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Criminal Law Keyed to Johnson
Arave v. Creech
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*Case Brief Anatomy includes: Brief Prologue, Complete Case Brief, Brief Epilogue
- The Brief Prologue provides necessary case brief introductory information and includes:
- Topic: Identifies the topic of law and where this case fits within your course outline.
- Parties: Identifies the cast of characters involved in the case.
- Procedural Posture & History: Shares the case history with how lower courts have ruled on the matter.
- Case Key Terms, Acts, Doctrines, etc.: A case specific Legal Term Dictionary.
- Case Doctrines, Acts, Statutes, Amendments and Treatises: Identifies and Defines Legal Authority used in this case.
- The Case Brief is the complete case summarized and authored in the traditional Law School I.R.A.C. format. The Pro case brief includes:
- Brief Facts: A Synopsis of the Facts of the case.
- Rule of Law: Identifies the Legal Principle the Court used in deciding the case.
- Facts: What are the factual circumstances that gave rise to the civil or criminal case? What is the relationship of the Parties that are involved in the case. Review the Facts of this case here:
Thomas Creech (Defendant), an inmate already serving life sentences for numerous first-degree murders, killed fellow inmate David Jensen at the Idaho State Penitentiary. Defendant gave conflicting accounts of the events, but the court found that Jensen approached Defendant with a battery-filled sock, which Defendant took and with which Defendant struck Jensen in the head. After the struggle continued, Defendant repeatedly kicked Jensen in the throat and head, even though Jensen was already helpless and badly injured. Jensen later died. Defendant pleaded guilty to first-degree murder. The trial judge held a sentencing hearing and found that Defendant was initially justified in protecting himself from Jensen’s attack, but Defendant was completely in control after the attack began, and the murder itself was alarmingly violent, indicating severe rage. The judge found five aggravating circumstances present, including that Defendant exhibited “utter disregard for human life,” and concluded that any mitigating circumstances did not outweigh the aggravating factors. Defendant was sentenced to death. The Idaho Supreme Court affirmed, expressing that the limiting construction it had placed on the “utter disregard for human life” language inState v. Osborn,631 P.2d 187 (1981), was adequate and concluding that the phrase is meant to refer to circumstances that exhibit “the highest, the utmost callous disregard for human life, i.e., the cold-blooded, pitiless slayer.” Defendant filed a petition for a writ of habeas corpus in federal court. The United States Court of Appeals for the Ninth Circuit agreed with Defendant that the “utter disregard” language was unconstitutionally vague.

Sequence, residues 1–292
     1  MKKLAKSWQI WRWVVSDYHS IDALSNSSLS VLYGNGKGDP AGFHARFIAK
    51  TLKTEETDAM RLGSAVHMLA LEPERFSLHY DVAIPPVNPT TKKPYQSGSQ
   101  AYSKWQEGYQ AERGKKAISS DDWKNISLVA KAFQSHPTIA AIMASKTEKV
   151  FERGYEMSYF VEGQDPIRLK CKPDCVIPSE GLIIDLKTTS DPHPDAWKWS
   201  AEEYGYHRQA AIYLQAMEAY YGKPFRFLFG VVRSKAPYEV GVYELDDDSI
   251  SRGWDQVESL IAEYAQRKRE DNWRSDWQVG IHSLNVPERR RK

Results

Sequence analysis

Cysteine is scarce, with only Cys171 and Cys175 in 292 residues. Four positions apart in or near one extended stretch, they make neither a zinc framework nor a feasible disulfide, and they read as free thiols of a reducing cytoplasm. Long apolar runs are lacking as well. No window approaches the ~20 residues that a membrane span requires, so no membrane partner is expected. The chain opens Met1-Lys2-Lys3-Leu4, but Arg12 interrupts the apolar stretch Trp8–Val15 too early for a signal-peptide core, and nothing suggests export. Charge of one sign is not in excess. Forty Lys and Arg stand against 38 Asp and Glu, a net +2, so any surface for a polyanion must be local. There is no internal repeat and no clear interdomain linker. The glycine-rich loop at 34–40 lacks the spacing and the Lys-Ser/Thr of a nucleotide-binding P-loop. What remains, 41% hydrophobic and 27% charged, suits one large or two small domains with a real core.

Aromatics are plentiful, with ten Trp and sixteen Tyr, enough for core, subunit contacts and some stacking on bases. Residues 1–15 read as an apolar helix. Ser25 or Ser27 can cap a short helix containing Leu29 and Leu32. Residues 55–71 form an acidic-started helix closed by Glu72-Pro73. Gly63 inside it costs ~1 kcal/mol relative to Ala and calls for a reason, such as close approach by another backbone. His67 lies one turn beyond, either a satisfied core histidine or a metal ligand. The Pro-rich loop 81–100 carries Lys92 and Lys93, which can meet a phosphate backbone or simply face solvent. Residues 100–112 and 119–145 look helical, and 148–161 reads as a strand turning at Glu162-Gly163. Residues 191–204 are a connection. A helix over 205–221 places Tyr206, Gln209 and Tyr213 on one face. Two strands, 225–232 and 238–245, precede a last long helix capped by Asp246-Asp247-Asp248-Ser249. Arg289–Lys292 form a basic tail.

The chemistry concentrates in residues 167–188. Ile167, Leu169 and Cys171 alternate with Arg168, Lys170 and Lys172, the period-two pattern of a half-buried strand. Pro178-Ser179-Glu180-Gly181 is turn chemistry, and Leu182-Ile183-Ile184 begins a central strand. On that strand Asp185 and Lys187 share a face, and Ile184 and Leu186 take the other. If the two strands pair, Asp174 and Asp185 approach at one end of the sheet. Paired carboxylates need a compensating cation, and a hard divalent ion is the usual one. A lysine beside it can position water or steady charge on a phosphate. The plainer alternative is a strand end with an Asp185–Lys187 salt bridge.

- Issue(s): Lists the Questions of Law that are raised by the Facts of the case.
- Holding: Shares the Court's answer to the legal questions raised in the issue.
- Concurring / Dissenting Opinions: Includes valuable concurring or dissenting opinions and their key points.
- Reasoning and Analysis: Identifies the chain of argument(s) which led the judges to rule as they did.
- The Brief Prologue closes the case brief with important forward-looking discussion and includes:
- Policy: Identifies the Policy if any that has been established by the case.
- Court Direction: Shares where the Court went from here for this case.